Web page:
Inaccessible swarm

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Tonyf 

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Hi, looking for thoughts.

A swarm has recently (7 days max) rehomed itself in the roof/cavity of a house near where we have some hives. Might be ours might not but we want to help resolve.

They have multiple entrances through a significant cracks in the wet verge along the roof. Once in the fabric of the building there's a list of inaccessible places they could be (sealed loft etc) but some have found their way into an interior room.

The householder isn't up for any option eg cut out, that damages the building.

I can't see any option beyond euthanasia via insecticide powder at the entrances but interested to hear thoughts.

Thanks
 

Earthboy 

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1. Locate where the nest is precisely. (use a thermal camera if you have one)
2. Seal any vent and escape holes and cracks except for their main entrance through which they will escape and you will vacuum.
3. Use bee-repellent and smoke to drive them out (a continuous labor of using heavy smoke laced with repellent).
4. As they come out, bee-vacuum, a very time consuming chore as the foragers return in numbers.

But this can be done. I just finished this job today and it ain't easy to force an abscond. The problem of this forced absconding, invariably, is inside the cavity there are still combs and the queen (often), but you will be entombing them inside the least number of bees--without having to take apart the house. It works but demands the home owner a vigil against the next swarm.

You can try a trap-out--if you have time (6 to 8 weeks), but a recent swarm might take shorter.

This is not an ad, but you can see a footage here:


I could not upload the video sine the file was just a tad too big for this forum. Sorry, Dani.
 

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Tonyf 

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1. Locate where the nest is precisely. (use a thermal camera if you have one)
2. Seal any vent and escape holes and cracks except for their main entrance through which they will escape and you will vacuum.
3. Use bee-repellent and smoke to drive them out (a continuous labor of using heavy smoke laced with repellent).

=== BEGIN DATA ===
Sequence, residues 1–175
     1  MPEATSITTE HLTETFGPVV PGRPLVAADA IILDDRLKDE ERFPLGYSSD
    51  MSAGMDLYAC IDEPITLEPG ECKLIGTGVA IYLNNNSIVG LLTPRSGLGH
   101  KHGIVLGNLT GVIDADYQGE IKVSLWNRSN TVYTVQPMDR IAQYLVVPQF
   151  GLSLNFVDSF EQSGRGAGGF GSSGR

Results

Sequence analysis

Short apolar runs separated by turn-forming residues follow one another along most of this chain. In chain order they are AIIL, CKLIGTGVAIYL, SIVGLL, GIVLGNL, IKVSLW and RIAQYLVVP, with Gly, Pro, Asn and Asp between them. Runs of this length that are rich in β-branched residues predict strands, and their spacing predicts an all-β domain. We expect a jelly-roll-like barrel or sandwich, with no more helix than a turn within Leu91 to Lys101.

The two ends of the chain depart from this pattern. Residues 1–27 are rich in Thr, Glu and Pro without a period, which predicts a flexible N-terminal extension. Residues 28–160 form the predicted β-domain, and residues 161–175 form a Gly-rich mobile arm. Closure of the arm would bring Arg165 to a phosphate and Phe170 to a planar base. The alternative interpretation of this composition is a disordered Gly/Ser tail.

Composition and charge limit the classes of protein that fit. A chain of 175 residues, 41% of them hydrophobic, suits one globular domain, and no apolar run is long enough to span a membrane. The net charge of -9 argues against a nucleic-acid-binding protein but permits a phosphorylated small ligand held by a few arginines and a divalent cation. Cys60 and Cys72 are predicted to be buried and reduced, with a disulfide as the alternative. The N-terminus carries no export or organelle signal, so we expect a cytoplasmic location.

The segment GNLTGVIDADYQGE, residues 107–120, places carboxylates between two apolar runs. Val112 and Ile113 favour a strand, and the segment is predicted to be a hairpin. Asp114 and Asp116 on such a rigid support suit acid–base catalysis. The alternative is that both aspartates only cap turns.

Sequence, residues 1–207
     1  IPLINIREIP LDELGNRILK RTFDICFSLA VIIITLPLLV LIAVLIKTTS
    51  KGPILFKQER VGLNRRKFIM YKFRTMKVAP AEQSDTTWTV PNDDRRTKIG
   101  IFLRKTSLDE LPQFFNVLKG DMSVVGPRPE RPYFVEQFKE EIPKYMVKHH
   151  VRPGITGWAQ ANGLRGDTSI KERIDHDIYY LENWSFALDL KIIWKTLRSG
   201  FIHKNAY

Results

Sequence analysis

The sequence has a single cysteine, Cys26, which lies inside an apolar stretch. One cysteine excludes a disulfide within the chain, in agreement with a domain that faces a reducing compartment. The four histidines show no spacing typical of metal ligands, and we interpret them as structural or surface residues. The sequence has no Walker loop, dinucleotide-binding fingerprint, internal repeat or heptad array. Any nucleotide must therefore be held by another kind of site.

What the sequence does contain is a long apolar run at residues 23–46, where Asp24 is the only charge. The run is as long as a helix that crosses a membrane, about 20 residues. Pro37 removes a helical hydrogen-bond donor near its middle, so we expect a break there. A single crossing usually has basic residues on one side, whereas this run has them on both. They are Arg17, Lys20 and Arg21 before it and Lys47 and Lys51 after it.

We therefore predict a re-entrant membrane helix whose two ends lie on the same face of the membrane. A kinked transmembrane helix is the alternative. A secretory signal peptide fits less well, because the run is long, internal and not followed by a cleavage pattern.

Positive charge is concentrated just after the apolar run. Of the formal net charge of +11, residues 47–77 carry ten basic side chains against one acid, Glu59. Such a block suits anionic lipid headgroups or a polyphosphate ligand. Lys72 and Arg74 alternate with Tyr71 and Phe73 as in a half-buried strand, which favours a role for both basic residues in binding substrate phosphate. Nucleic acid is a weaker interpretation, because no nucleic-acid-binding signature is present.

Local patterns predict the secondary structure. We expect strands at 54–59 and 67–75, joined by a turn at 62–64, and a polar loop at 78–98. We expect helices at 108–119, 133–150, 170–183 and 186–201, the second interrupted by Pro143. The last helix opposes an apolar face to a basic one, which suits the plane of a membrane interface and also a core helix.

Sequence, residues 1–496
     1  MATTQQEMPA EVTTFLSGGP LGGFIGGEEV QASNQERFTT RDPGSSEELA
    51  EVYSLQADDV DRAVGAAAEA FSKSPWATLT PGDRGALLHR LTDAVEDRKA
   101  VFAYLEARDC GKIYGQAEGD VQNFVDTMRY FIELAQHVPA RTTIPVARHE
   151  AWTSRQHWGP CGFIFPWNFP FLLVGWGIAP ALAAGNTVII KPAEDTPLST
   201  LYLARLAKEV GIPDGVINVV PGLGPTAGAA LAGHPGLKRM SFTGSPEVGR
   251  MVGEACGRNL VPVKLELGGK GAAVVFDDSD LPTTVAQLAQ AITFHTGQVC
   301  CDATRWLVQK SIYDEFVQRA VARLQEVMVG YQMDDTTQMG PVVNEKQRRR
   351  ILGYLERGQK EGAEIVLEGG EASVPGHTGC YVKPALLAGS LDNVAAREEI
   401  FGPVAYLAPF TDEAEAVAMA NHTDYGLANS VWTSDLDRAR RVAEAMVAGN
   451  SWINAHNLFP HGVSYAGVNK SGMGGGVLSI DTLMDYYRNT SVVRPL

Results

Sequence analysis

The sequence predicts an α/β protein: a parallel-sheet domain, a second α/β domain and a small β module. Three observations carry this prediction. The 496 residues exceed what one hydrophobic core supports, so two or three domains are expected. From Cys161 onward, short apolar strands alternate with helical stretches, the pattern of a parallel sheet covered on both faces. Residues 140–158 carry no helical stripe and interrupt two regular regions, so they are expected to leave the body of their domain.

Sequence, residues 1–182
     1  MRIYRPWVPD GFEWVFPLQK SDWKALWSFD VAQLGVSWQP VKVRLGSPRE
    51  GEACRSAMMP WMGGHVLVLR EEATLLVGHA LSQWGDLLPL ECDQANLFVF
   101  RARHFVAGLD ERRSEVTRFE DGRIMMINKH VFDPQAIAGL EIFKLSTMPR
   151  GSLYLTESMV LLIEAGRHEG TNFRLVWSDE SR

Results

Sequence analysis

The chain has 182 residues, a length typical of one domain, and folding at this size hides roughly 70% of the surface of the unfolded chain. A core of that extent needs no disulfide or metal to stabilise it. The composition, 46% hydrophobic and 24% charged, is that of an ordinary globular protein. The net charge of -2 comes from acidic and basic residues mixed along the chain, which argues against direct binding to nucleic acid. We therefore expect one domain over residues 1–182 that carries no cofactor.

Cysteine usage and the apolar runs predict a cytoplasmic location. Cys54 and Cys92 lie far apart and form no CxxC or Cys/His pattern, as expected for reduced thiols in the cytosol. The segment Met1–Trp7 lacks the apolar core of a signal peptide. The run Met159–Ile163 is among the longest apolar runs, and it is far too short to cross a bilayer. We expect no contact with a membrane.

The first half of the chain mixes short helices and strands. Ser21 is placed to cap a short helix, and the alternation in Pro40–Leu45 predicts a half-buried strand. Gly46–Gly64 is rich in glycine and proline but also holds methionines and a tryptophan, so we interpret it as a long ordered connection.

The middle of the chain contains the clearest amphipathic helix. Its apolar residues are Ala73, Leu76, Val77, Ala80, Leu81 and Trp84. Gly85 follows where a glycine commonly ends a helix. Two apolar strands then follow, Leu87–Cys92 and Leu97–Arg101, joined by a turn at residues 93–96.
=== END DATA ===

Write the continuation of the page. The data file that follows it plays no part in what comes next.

4. As they come out, bee-vacuum, a very time consuming chore as the foragers return in numbers.

But this can be done. I just finished this job today and it ain't easy to force an abscond. The problem of this forced absconding, invariably, is inside the cavity there are still combs and the queen (often), but you will be entombing them inside the least number of bees--without having to take apart the house. It works but demands the home owner a vigil against the next swarm.

You can try a trap-out--if you have time (6 to 8 weeks), but a recent swarm might take shorter.

This is not an ad, but you can see a footage here:


I could not upload the video sine the file was just a tad too big for this forum. Sorry, Dani.
Thanks Dani
 

hemo 

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An established colony won't be driven put by smoke.
Powder isn't a satisfactory way to kill them as other bees will or can later access the colony and come in contact with said nasties, with multiple entrances it's a no, no & someone leaves them selves open for prosecution should said nasties kill someone else's colonies.
Many years ago a pest controller was prosecuted (by Defra) and heavily fined for not following due diligence killing off a chimney colony, it sent alarm bells through the industry and reason why most will not now touch bees.
 

hemo 

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The issue on it's own isn't all about nasties used but sealing up the old colony 100% as honey will be the major attractant for other bees to rob, thus coming in to contact with said nasties.

If the job can't be done 100%, then it;s not worth doing at all. Once in the fabric of a building either cut outs partial property disturbance is needed ( insurance 100% required) or leave it to chance and a die out (in years to come).
 
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hemo 

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If a single entrance was the only way in a trap out may be possible of the flying bees using a one way entrance and an adapted nuc box, the process may take some time to deprive the remainder of stores and foragers. Eventually they will starve out.
 

jenkinsbrynmair 

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Too many - but not nearly enough
or you can sit like a dummy on a ladder for a couple of days waving a hoover around :icon_204-2:
 

Erichalfbee 

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I’m sorry but I think with multiple entrances you’re stuffed.
I would walk away. They are going to be sure the bees are yours so you are going to keep your head down.
 

ericbeaumont 

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leave it to chance and a die out
Least expensive option: ask the owner to watch for flying on a warm spring day. If all is quiet during the week while other insects are flying, the roofer can go in and seal all points of access, though this is tricky and must be thorough.
 

ericbeaumont 

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What powder is licensed for bees?
Law changed a year or so ago (JBM may know more) and options are limited; main risk is with robbing of the nest following poisoning and as Hemo said, you run the risk of prosecution and at the least, contravening the spirit of the Wildlife and Countryside Act.
 

Tonyf 

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Thanks for the advice all. Good news, it appears it was a new swarm and didn't settle...they appear to have gone. Have advised the home owner to seal up the gaps and cracks ASAP!
 

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